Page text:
Mt. Washington is not a mountain that is intimidating on paper. It sits at 6,288 ft in the White Mountains of New Hampshire, a few miles from a major highway. It is at least as hazardous as many peaks over twice as tall west of the Mississippi, due to having “The Worst Weather on Earth”. However, it has been the most iconic trip for the Mountaineers at Ohio State in the past few years. Although I had wanted to climb this peak since joining the Mountaineers my freshman year, this year was the first that the opportunity arose.
I was asked by one of my fellow officers of the club, Tal Shutkin, if I wanted to try a technical route up during MLK Day weekend. Even though I had never used an ice axe outside, I jumped at the opportunity. We left Friday evening from Columbus with two fellow OSU students, Roland Bennett and Corey Keyser and began the 13 hour drive to North Conway despite an impending snow storm on the mountain. We had initially planned to rent the remaining gear we needed and go ice climbing Saturday before making an ascent of the Central Gully of the Huntington Ravine. By the time we arrived, it was clear that because of storm the central gully was not safe, as would be most of the mountain, so we decided to attempt a quick ascent up the less steep right gully of Tuckerman ravine. After getting our remaining gear and packing our bags, we began hiking at 10:30a with a 3:00p turnaround. I did not anticipate making the summit as it was about five miles away and 4,000 ft above us. After about an hour of nice hiking packed snow, we arrived at the entrance of Tuckerman’s.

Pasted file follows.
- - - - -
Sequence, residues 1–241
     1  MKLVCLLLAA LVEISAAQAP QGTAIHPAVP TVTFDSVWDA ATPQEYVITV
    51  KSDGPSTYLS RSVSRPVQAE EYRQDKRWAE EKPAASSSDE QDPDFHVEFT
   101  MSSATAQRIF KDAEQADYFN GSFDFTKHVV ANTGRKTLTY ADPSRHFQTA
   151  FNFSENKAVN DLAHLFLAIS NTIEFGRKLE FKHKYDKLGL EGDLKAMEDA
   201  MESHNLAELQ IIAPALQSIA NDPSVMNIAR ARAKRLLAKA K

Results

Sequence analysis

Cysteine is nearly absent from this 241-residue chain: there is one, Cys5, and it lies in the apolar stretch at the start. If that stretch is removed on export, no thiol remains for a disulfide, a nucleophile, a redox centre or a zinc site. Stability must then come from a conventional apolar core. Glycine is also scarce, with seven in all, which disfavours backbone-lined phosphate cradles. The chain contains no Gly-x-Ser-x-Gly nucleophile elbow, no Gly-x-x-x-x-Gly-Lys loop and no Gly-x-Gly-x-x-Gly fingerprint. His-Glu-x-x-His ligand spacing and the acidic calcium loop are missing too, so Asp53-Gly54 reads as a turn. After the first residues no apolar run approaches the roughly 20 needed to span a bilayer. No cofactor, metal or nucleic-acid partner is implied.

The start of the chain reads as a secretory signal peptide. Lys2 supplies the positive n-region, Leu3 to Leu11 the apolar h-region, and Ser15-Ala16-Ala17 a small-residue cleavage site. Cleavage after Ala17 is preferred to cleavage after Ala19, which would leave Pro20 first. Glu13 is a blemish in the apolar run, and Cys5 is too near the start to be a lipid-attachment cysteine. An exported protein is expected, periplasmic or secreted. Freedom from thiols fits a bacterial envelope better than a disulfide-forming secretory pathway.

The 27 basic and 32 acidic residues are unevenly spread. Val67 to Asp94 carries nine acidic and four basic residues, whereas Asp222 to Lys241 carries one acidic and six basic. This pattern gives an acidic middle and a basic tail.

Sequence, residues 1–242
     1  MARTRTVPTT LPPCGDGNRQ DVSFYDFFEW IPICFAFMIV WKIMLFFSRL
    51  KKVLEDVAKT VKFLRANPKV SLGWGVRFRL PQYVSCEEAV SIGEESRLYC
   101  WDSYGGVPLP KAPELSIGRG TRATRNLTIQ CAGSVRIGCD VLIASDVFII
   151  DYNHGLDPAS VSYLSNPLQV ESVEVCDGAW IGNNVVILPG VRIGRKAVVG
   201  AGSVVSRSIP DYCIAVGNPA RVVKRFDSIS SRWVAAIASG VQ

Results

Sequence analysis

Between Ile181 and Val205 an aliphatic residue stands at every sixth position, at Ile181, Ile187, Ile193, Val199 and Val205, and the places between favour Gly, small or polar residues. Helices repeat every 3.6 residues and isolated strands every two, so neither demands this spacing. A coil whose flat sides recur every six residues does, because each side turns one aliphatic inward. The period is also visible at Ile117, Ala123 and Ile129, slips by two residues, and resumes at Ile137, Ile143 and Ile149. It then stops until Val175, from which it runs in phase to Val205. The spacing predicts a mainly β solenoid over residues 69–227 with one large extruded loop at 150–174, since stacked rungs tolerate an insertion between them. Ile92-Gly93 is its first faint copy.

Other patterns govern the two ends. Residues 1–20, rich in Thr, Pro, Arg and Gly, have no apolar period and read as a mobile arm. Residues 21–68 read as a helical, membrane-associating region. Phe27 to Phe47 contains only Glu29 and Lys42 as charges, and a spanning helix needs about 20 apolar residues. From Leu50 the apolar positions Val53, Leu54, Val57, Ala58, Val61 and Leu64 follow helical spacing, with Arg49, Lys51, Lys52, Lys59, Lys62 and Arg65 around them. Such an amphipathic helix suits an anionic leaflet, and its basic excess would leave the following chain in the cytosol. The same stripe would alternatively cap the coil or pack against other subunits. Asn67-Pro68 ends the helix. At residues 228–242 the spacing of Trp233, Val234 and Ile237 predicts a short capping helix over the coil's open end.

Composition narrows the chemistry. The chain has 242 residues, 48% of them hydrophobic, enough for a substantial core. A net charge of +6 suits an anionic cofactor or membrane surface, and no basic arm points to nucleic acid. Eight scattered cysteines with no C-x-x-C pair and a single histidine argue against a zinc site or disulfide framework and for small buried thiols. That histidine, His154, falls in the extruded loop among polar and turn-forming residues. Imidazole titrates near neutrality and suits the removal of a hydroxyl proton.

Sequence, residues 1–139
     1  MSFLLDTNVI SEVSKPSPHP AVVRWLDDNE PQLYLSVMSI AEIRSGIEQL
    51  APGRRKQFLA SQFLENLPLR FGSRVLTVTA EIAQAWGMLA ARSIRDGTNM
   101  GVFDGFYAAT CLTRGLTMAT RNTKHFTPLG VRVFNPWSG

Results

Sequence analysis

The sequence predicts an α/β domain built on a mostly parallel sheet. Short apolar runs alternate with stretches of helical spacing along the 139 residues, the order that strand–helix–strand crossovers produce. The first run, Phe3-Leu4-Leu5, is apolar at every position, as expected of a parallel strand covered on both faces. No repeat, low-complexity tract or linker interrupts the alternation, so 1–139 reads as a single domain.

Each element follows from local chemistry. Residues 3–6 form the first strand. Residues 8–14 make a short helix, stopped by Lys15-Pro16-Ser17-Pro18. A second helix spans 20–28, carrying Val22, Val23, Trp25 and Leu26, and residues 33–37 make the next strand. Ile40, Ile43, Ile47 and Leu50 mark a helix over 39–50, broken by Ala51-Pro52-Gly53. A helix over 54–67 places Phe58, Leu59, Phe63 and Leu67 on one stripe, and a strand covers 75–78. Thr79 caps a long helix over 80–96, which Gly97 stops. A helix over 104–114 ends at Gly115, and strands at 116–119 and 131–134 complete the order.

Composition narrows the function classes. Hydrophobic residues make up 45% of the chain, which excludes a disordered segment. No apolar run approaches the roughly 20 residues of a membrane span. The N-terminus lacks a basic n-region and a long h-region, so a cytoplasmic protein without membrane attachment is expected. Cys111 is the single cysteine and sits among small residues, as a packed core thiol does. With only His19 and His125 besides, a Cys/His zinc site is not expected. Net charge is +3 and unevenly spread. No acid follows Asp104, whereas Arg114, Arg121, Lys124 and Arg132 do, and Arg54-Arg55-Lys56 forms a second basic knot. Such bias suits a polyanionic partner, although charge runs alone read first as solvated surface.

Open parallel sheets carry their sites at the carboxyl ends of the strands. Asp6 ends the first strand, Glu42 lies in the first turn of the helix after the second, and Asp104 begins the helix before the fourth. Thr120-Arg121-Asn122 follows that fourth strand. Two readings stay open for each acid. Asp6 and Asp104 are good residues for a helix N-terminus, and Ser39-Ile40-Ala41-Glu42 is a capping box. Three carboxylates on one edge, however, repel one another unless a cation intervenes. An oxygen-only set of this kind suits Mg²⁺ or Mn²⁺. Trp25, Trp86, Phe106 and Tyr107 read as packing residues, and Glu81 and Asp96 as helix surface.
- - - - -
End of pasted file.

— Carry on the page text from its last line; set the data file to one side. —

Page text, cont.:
At this point we stopped for lunch and put on our crampons and got ice axes. Here was where it became clear that I was out of element, as I struggled to properly adjust my crampons to fit the boot. We hiked into the bowl and finally saw our intended line. As we approached we saw no ice, only steep consolidated snow. We hiked to the base, grabbed our second axes, and began climbing. When Mt. Washington is advertised to the club, it is described as a massive suffer-fest, and I was expecting it to be, but up until this point, it had been little more than a cold hike. As we began climbing, I expected it to get much worse, but in fact it was the best part. Front pointing up the steep snow was great, because it gave the sense of climbing something very steep and exposed, but with such a reduced risk of falling. We topped out the gully with about a mile of steep, icy hiking to the summit at 1:30. By this point, the clouds had descended, wind had picked up, and snow was falling. I was not confident we were going to summit but we made the decision to drop our packs and try to push for the summit. Although it was a short mile, it was steep and rocky. As we ascended, wind speed increased to about 30mph and visibility to a few hundred feet. We reached the summit at exactly three. We snapped a quick photo and began our descent. The speed of our descent was greatly improved by glissading, another new skill. The hike was made worse by the deteriorating weather, reducing visibility to 100 feet and wind speeds up to 50mph. Luckily, the trees were a nice windbreaker. The remainder of the hike was cold and a little wet and completed by headlamp, but we did successfully make a 5 hour winter ascent of a mountain the usually takes an entire day to climb, so it was well worth it.